What pattern were the scores bowled on? We need to get the USBC to add only one very important piece of data to league and tournament scores as they are captured: the pattern the score was bowled on. If this were captured, statistics could be analyzed for scores bowled on that pattern for each house. That could be compared scores bowled on other patterns at that and other houses. You could even go back in time for leagues that had the same patterns out in previous years to jump start the analysis.
Out of this analysis could come a “normalized” average, that is, an average that allows us to compare everyone in the country in exactly the same way based on talent, not lane conditions. We could also figure out what is “par” – that is, return to the idea that a true scratch score in bowling is 200 and compare the bowler’s talent against par with the pattern taken out of the equation. True scratch bowlers will average 200 or higher after their averages are normalized, just as true scratch golfers shoot par or better.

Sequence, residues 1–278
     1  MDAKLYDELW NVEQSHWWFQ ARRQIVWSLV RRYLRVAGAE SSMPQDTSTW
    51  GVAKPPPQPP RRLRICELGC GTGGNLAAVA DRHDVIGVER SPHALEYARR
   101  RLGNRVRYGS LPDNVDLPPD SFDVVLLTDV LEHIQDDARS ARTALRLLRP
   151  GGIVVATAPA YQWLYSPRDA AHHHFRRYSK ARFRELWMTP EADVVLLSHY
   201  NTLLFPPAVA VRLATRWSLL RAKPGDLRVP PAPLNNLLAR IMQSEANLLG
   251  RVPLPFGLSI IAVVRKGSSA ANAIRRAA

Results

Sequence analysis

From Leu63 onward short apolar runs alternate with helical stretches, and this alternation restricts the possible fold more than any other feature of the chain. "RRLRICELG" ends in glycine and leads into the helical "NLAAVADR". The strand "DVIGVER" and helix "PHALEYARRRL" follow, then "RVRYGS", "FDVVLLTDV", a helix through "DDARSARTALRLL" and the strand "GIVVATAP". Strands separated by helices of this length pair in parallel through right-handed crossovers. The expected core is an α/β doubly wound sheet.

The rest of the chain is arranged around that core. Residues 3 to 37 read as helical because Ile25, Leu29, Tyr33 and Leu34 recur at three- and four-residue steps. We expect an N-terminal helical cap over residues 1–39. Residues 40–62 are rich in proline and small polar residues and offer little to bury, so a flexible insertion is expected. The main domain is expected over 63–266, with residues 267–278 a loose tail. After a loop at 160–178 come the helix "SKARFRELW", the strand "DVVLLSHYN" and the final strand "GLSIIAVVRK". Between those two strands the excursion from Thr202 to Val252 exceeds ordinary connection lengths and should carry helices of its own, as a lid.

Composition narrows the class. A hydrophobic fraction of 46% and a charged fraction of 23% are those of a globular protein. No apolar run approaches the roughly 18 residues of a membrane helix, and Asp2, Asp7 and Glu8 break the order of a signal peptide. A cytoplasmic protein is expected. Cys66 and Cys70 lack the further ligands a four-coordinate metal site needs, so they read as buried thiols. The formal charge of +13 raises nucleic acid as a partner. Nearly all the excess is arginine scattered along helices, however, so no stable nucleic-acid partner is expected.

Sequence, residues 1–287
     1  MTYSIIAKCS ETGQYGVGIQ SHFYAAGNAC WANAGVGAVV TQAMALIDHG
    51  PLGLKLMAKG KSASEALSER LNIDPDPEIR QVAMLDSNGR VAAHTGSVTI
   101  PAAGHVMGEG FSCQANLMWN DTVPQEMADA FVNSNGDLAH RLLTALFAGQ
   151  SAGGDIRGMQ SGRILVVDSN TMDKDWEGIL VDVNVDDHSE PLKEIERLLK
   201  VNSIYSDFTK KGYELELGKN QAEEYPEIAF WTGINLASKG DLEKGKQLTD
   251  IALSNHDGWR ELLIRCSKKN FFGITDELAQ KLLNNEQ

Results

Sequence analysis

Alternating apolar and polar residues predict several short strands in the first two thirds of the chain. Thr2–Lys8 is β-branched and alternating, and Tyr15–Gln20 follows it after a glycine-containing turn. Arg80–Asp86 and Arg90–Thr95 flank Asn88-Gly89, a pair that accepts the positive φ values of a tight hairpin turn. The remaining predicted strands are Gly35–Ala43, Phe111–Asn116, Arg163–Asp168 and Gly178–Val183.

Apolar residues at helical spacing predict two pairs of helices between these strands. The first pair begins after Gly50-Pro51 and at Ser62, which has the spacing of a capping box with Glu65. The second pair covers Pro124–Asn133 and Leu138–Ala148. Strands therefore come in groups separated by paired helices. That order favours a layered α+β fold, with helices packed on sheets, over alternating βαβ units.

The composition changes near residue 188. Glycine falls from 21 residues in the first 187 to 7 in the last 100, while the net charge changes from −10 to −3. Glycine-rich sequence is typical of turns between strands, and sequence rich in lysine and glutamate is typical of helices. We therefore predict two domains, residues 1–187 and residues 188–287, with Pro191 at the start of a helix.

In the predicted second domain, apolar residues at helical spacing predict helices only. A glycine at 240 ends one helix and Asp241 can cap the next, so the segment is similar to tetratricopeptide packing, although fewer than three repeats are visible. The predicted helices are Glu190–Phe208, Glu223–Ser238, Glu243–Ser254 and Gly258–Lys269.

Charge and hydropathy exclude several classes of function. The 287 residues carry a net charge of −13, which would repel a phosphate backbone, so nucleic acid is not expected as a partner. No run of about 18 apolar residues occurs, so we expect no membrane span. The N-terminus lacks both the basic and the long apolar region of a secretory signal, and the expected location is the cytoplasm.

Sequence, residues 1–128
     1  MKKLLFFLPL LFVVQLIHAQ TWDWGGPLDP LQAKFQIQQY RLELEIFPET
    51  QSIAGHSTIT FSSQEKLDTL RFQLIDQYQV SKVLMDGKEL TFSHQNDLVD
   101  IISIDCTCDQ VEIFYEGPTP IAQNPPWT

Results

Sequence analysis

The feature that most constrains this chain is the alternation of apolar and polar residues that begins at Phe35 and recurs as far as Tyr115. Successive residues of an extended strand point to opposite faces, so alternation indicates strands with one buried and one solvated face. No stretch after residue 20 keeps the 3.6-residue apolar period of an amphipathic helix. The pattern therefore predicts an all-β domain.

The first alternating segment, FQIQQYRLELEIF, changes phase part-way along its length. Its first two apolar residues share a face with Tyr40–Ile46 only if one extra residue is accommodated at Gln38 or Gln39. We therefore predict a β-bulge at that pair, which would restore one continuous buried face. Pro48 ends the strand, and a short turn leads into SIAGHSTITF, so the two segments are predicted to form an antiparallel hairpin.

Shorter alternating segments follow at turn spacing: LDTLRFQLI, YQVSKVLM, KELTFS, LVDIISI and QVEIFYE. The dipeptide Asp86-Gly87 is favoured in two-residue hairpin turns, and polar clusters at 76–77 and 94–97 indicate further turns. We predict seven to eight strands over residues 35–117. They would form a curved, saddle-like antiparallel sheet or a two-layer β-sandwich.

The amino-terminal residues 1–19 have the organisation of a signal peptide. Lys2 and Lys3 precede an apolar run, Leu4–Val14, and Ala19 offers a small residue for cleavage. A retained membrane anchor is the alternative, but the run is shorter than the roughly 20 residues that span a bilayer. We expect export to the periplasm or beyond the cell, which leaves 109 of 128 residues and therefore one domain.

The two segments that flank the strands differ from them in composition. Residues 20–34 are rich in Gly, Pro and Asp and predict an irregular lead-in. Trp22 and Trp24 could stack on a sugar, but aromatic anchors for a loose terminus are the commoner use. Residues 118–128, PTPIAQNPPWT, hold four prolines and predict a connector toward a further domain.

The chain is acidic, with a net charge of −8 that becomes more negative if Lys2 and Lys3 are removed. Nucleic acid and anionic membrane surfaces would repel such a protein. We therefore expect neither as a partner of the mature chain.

Pattern to Par (PTP) conversion. To adjust a bowler’s average relative to par an average multiplier is needed. Let’s call it the PTP – Pattern to Par. Again, par in bowling is supposed to be 200. The PTP would be applied to an average and it would “normalize” that average relative to a par of 200.
Example. Let’s say a scratch (par) bowler averages 220 on the “Easy Street” pattern, a walled up house shot. Let’s say the same scratch bowler averages 185 on a USBC Sport pattern – one of the tougher patterns out there. Statistics have shown that the PTPs for those two patterns might look something like this: